Meanwhile, the two great western kings had made common cause and assembled their own armies, intent on putting an end to Aegon for good and all. From Highgarden marched Mern IX of House Gardener, King of the Reach, with a mighty host. Beneath the walls of Castle Goldengrove, seat of House Rowan, he met Loren I Lannister, King of the Rock, leading his own host down from the westerlands. Together the Two Kings commanded the mightiest host ever seen in Westeros: an army fifty-five thousand strong, including some six hundred lords great and small and more than five thousand mounted knights. “Our iron fist,” boasted King Mern. His four sons rode beside him, and both of his young grandsons attended him as squires.

The Two Kings did not linger long at Goldengrove; a host of such size must remain on the march, lest it eat the surrounding countryside bare. The allies set out at once, marching north by northeast through tall grasses and golden fields of wheat.

Advised of their coming in his camp beside the Gods Eye, Aegon gathered his own strength and advanced to meet these new foes. He commanded only a fifth as many men as the Two Kings, and much of his strength was made up of men sworn to the riverlords, whose loyalty to House Targaryen was of recent vintage, and untested. With the smaller host, however, Aegon was able to move much more quickly than his foes. At the town of Stoney Sept, both his queens joined him with their dragons—Rhaenys from Storm’s End and Visenya from Crackclaw Point, where she had accepted many fervent pledges of fealty from the local lords. Together the three Targaryens watched from the sky as Aegon’s army crossed the headwaters of the Blackwater Rush and raced south.

The two armies came together amongst the wide, open plains south of the Blackwater, near to where the goldroad would run one day. The Two Kings rejoiced when their scouts returned to them and reported Targaryen numbers and dispositions. They had five men for every one of Aegon’s, it seemed, and the disparity in lords and knights was even greater. And the land was wide and open, all grass and wheat as far as the eye could see, ideal for heavy horse. Aegon Targaryen would not command the high ground, as Orys Baratheon had at the Last Storm; the ground was firm, not muddy. Nor would they be troubled by rain. The day was cloudless, though windy. There had been no rain for more than a fortnight.

King Mern had brought half again as many men to the battle as King Loren, and so demanded the honor of commanding the center. His son and heir, Edmund, was given the vanguard. King Loren and his knights would form the right, Lord Oakheart the left. With no natural barriers to anchor the Targaryen line, the Two Kings meant to sweep around Aegon on both flanks, then take him in the rear, whilst their “iron fist,” a great wedge of armored knights and high lords, smashed through Aegon’s center.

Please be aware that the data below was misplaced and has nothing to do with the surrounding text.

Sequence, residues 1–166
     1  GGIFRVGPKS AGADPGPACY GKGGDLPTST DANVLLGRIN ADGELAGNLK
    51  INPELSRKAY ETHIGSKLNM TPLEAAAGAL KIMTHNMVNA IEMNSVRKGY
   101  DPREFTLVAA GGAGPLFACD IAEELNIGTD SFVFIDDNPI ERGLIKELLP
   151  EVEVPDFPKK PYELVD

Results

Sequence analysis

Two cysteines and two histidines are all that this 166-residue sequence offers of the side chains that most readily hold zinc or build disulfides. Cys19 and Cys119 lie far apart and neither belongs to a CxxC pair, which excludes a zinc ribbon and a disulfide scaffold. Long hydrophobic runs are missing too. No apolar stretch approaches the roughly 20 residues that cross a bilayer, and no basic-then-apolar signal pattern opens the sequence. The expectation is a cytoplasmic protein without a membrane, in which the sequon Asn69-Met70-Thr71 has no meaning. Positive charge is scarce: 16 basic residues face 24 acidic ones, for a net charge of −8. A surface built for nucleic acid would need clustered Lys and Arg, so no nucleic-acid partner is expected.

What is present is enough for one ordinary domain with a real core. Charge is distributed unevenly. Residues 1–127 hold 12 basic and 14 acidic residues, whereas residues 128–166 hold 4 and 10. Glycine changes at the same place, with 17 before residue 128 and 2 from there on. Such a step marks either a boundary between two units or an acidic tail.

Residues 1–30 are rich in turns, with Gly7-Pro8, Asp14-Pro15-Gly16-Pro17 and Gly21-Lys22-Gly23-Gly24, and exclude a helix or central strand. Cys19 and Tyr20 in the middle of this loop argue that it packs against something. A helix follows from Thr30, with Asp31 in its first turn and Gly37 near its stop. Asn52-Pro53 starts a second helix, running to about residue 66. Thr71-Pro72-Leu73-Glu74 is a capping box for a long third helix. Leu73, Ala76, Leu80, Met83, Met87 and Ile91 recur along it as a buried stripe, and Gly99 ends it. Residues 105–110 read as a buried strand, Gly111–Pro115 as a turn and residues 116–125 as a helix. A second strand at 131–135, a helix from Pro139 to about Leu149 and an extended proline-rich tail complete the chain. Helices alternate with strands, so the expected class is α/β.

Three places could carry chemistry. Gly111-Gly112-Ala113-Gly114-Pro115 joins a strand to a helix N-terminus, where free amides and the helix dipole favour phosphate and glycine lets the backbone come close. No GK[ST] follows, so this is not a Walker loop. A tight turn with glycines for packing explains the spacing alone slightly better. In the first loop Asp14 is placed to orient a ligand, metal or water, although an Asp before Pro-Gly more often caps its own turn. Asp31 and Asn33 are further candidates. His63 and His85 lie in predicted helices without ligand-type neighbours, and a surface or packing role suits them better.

Aegon Targaryen drew his own men up in a rough crescent bristling with spears and pikes, with archers and crossbowmen just behind and light cavalry on either flank. He gave command of his host to Jon Mooton, Lord of Maidenpool, one of the first foes to come over to his cause. The king himself intended to do his fighting from the sky, beside his queens. Aegon had noted the absence of rain as well; the grass and wheat that surrounded the armies was tall and ripe for harvest…and very dry.

The Targaryens waited until the Two Kings sounded their trumpets and started forward beneath a sea of banners. King Mern himself led the charge against the center on his golden stallion, his son Gawen beside him with his banner, a great green hand upon a field of white. Roaring and screaming, urged on by horns and drums, the Gardeners and Lannisters charged through a storm of arrows down unto their foes, sweeping aside the Targaryen spearmen, shattering their ranks. But by then Aegon and his sisters were in the air.

Aegon flew above the ranks of his foes upon Balerion, through a storm of spears and stones and arrows, swooping down repeatedly to bathe his foes in flame. Rhaenys and Visenya set fires upwind of the enemy and behind them. The dry grasses and stands of wheat went up at once. The wind fanned the flames and blew the smoke into the faces of the advancing ranks of the Two Kings. The scent of fire sent their mounts into panic, and as the smoke thickened, horse and rider alike were blinded. Their ranks began to break as walls of fire rose on every side of them. Lord Mooton’s men, safely upwind of the conflagration, waited with their bows and spears, and made short work of the burned and burning men who came staggering from the inferno.